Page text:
Financial Insights: How to Gauge Business Model Traction

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As the venture ecosystem continues to benefit from record fundraising, access to capital and valuation growth, technology companies are demonstrating traction and validating their business models at increasingly earlier stages in their fundraising life cycle. One of the key indicators of life stage and business model traction is a company’s revenue run rate, or annualized revenue.

While early-stage venture-backed technology deals are rarely valued on the basis of revenue alone, many successful companies have demonstrated a multimillion dollar revenue run rate at the time of their Series A and Series B fundraising. Based on SVB analysis, US tech companies raising Series A rounds 2011-2017 showed a median revenue run rate of $1.5 million, while companies raising their Series B round showed more than double that, at $3.5 million.

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At the growth stage, companies continue to scale operations and build a more predictable conversion funnel, resulting in greater revenue traction at their Series C and Series D rounds. Companies raising a Series C round showed a median revenue run rate of $7.5 million, while companies raising their Series D round showed nearly double that, at $13.7 million.

While revenue growth is a useful gauge of business model traction, especially at earlier stages, today’s venture-backed technology companies are demonstrating operating discipline, thanks in part to declining operating costs over time, and charting a path to profitability as they mature through the fundraising life cycle (Figure YY). SVB has observed that U.S. technology companies raising their Series A and Series B rounds post median operating expenses that are more than double their revenues: -145% for Series A and -120% for Series B.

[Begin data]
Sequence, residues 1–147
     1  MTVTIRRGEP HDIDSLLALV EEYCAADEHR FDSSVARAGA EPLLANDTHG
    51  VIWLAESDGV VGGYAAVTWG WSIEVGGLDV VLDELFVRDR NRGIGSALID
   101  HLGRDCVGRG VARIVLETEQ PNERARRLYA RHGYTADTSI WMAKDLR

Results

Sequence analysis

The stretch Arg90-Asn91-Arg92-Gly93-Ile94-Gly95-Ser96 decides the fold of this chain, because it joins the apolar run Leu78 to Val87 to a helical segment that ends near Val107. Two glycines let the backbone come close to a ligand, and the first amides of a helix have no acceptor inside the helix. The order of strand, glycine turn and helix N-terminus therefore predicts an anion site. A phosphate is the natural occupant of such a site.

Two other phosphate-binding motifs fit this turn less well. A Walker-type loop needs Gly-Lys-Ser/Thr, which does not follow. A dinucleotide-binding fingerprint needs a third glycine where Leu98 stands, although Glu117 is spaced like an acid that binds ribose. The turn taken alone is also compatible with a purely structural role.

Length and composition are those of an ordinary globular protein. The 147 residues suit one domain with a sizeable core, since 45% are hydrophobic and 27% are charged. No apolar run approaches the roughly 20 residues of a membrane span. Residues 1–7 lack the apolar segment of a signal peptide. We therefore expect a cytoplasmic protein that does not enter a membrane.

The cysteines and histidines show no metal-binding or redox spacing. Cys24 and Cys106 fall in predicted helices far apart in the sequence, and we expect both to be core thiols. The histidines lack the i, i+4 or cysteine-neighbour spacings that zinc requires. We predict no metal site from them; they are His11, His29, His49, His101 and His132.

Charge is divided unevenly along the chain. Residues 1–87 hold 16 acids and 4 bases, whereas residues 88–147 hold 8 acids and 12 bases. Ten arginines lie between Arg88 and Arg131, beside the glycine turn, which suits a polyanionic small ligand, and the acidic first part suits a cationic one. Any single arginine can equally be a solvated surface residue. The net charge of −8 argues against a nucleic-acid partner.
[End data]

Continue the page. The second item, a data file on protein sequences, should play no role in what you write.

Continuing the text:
As companies move to growth stage at Series C and Series D, realizing more significant traction and revenue growth, operating margins tend to improve significantly. Tech companies raising their Series C round showed a median operating margin of approximately -75%, an improvement of 45% from the Series B round, and a median operating margin of -53% at their Series D round.  At this stage, successful companies continue to show operating margin improvement and revenue growth as they move to the exit stage of the J-curve and, eventually, realize their valuation through an exit event.

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About the Author

Derek Ridgley is a Credit Research & Development Officer for Silicon Valley Bank. In his role, he provides strategic direction for a number of Silicon Valley Bank commercial loan products and business processes associated with the commercial loan portfolio and is involved in regulatory relations and compliance. He has a shared responsibility for credit approval and portfolio risk management activities at the commercial bank. Since joining SVB in 1997, he has held a variety of roles in sales, account management, advisory services, client service and non-credit product management.